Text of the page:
Home > Store

Retargetable C Compiler, A: Design and Implementation

Register your product to gain access to bonus material or receive a coupon.

Retargetable C Compiler, A: Design and Implementation

Book

  • Your Price: $55.99
  • List Price: $69.99
  • Usually ships in 24 hours.

Description

  • Copyright 1995
  • Dimensions: 7-1/4" x 9-1/4"
  • Pages: 584
  • Edition: 1st
  • Book
  • ISBN-10: 0-8053-1670-1
  • ISBN-13: 978-0-8053-1670-4

This new text examines the design and implementation of lcc, a production-quality, retargetable compiler for the ANSI C programming language, designed at AT&T Bell Laboratories and Princeton University. The authors' innovative approach--a "literate program" that intermingles the text with the source code--gives a detailed tour of the code that explains the implementation and design decisions reflected in the software. And while most books describe toy compilers or focus on isolated pieces of code, the authors provide the entire source code for a real compiler, which is available via ftp. Structured as a self-study guide that describes the real-world tradeoffs encountered in building a production-quality compiler, this book is useful to individuals who work in application areas applying or creating language-based tools and techniques.

  • Explores the interaction between compiler theory and practice through the discussion of lcc.
  • Covers compiler theory only as needed to understand the implementation of lcc, focusing instead on practical, applied issues.
  • Encourages a broader understanding of programming in C through an examination of lcc, a production-quality compiler in use since 1988.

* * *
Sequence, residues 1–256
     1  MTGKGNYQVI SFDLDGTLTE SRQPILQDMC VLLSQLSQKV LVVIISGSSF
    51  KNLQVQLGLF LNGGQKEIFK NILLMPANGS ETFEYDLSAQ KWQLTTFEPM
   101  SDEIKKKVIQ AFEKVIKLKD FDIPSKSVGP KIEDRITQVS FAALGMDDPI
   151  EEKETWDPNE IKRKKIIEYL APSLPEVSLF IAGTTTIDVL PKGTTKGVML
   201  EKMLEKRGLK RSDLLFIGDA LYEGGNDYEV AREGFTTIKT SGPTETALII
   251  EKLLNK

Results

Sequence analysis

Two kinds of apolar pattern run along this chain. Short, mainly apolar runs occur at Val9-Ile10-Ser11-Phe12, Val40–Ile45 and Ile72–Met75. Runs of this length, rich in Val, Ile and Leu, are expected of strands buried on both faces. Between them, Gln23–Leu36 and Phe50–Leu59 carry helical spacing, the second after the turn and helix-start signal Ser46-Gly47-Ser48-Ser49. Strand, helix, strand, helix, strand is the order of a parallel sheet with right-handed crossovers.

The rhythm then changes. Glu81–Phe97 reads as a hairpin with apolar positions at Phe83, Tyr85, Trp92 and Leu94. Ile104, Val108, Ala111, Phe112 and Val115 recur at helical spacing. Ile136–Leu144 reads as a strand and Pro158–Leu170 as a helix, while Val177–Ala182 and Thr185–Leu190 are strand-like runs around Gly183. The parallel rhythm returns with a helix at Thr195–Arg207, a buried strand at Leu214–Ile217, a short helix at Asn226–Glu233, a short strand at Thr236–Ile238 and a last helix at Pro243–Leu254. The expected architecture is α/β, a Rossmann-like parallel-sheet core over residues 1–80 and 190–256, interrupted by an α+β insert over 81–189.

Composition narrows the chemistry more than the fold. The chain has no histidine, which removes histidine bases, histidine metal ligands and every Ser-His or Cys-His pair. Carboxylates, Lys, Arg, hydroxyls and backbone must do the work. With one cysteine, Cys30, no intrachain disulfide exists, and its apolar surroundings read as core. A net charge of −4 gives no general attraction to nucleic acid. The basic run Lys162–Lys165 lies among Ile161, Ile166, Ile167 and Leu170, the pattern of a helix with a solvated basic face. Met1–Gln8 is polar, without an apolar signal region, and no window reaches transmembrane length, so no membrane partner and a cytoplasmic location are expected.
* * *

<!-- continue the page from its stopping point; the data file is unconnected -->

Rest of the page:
• Provides full code generators for the MIPS R3000, SPARC, and Intel 80x86 architectures and successors.
  • The full source code for the lcc compiler, the three back ends, and the code-generator generator is freely available.
  • Uses icons and brief indices in the margins to cross- reference code fragments and connect code usage.
Audience

Senior undergraduate or graduate level second course. Any researcher or implementer of compilers for parallel or advanced computers.



0805316701B04062001

Downloads

Source Code

Click below for Source Code related to this title:
Source Code Resources

Sample Content

Table of Contents



Preface.


1. Introduction.

Literate Programs.

How to Read This Book.

Overview.

Design.

Common Declarations.

Syntax Specifications.

Errors.



2. Storage Management.

Memory Management Interface.

Arena Representation.

Allocating Space.

Deallocating Space.

Strings.



3. Types.

Representing Symbols.

Representing Symbol Tables.

Changing Scope.

Finding and Installing Identifiers.

Labels.

Constants.

Generated Variables.



4. Code Generation Interface.

Representing Types.

Type Management.

Type Predicates.

Type Constructors.

Function Types.

Structure and Enumeration Types.

Type-Checking Functions.

Type Mapping.



5. Lexical Analysis.

Type Metrics.

Interface Records.

Symbols.

Types.

Dag Operators.

Interface Flags.

Initialization.

Definitions.

Constants.

Functions.

Interface Binding.

Upcalls.



6. Parsing.

Input.

Recognizing Tokens.

Recognizing Keywords.

Recognizing Identifiers.

Recognizing Numbers.

Recognizing Character Constants and Strings.



7. Expressions.

Languages and Grammars.

Ambiguity and Parse Trees.

Top-Down Parsing.

FIRST and FOLLOW Sets.

Writing Parsing Functions.

Handling Syntax Errors.



8. Expression Semantics.

Representing Expressions.

Parsing Expressions.

Parsing C Expressions.

Assignment Expressions.

Conditional Expressions.

Binary Expressions.

Unary and Postfix Expressions.

Primary Expressions.



9. Expression Semantics.

Conversions.

Unary and Postfix Operators.

Function Calls.

Binary Operators.

Assignments.

Conditionals.

Constant Folding.



10. Statements.

Representing Code.

Execution Points.

Recognizing Statements.

If Statements.

Labels and Gotos.

Loops.